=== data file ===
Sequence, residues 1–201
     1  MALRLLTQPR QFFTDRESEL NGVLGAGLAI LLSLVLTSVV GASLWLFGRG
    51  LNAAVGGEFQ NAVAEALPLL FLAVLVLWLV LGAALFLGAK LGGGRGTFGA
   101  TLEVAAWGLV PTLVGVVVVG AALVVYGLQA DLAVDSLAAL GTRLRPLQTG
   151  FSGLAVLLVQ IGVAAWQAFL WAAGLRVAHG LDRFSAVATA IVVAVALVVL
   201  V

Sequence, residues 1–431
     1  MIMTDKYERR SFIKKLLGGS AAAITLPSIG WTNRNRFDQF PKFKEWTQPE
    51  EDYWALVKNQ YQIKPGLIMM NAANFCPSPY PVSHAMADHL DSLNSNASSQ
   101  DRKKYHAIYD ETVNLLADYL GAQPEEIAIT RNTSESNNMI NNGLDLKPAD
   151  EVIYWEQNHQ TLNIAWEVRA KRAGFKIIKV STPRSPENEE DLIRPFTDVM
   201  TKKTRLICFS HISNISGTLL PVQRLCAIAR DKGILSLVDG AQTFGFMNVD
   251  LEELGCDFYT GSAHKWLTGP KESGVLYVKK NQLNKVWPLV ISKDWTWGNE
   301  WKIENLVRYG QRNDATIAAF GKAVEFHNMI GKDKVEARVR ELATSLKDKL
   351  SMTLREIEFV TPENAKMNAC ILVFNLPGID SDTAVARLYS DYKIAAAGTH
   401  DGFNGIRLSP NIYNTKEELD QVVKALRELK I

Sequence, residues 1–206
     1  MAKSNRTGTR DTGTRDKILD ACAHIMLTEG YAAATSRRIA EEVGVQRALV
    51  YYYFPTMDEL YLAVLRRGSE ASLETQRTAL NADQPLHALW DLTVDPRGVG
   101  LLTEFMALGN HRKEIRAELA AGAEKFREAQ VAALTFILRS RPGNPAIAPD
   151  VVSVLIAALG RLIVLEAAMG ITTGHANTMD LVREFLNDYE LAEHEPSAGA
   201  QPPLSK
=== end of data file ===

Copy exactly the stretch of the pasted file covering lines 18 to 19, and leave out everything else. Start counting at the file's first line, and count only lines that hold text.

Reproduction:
     1  MAKSNRTGTR DTGTRDKILD ACAHIMLTEG YAAATSRRIA EEVGVQRALV
    51  YYYFPTMDEL YLAVLRRGSE ASLETQRTAL NADQPLHALW DLTVDPRGVG